## [Cycling, Computing] Power Calculation and Brakes

From: andrew cooke <andrew@...>

Date: Sat, 24 Apr 2021 16:20:34 -0400

It's common (eg Strava) to estimate a cyclist's power output from their GPS
and elevation (barometric) data.

The basic idea is fairly simple: we can calculate the power required for the
bicycle to behave as recorded at each point in time using mass / gravity /
height, CdA / speed, and rolling resistance / speed.

This ignores wind, which makes the effective speed for wind resistance (CdA)
different from the measured speed, and so introduces errors.

Also ignored, but not commonly discussed, is braking.

If the cyclist does not use the brakes then all we have discussed so far is
correct.

If the cyclist brakes *and* pedals then we will underestimate their power
output because they are expending additional energy we do not "see" in the
data (assuming that there is no power meter data).

If the cyclist brakes when not pedalling then we *should* (if we have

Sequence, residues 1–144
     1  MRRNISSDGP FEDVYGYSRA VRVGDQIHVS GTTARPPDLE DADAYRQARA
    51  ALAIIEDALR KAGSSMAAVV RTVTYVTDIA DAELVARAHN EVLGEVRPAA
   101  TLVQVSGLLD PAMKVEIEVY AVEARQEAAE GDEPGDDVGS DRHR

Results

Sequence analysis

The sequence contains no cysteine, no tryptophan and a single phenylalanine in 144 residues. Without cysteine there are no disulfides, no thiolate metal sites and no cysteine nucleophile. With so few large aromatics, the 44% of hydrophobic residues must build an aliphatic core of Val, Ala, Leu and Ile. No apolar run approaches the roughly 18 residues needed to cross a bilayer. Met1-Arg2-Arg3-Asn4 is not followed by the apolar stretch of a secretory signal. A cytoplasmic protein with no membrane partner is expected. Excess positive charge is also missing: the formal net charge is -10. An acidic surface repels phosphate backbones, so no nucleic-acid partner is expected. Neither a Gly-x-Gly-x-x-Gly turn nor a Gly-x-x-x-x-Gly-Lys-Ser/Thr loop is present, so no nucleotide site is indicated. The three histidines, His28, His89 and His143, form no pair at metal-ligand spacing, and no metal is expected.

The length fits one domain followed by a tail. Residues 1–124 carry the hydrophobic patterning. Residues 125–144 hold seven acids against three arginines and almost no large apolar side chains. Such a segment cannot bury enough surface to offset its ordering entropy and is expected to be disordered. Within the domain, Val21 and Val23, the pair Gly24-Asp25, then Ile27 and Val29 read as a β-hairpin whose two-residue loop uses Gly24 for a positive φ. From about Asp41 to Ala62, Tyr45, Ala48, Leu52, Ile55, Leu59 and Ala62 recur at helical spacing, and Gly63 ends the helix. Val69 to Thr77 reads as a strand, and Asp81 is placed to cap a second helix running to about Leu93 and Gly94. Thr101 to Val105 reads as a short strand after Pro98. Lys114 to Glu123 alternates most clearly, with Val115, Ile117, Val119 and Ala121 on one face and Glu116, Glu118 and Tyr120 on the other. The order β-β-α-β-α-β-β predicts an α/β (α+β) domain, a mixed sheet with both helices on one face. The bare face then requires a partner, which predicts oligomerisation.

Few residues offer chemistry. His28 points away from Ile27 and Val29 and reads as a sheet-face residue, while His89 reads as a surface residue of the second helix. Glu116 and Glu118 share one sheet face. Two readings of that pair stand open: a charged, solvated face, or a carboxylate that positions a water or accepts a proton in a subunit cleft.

sufficient resolution, perfect parameters, etc) see a negative input power.

In practice, when you estimate power, you do see negative spikes.  I had
assumed that these were noise, but the above suggests that it is also
reasonable to interpret them as braking.

In conclusion, then, braking may be visible in the output from modelling and
is not inherently a source of uncertainty *unless* the cyclist brakes when
also pedalling.  That exception is more likely than it sounds since "when
also" does not, in practice, mean (only) concurrently, but also at any time
within the "time step" used in the calculation (eg 10s).

Andrew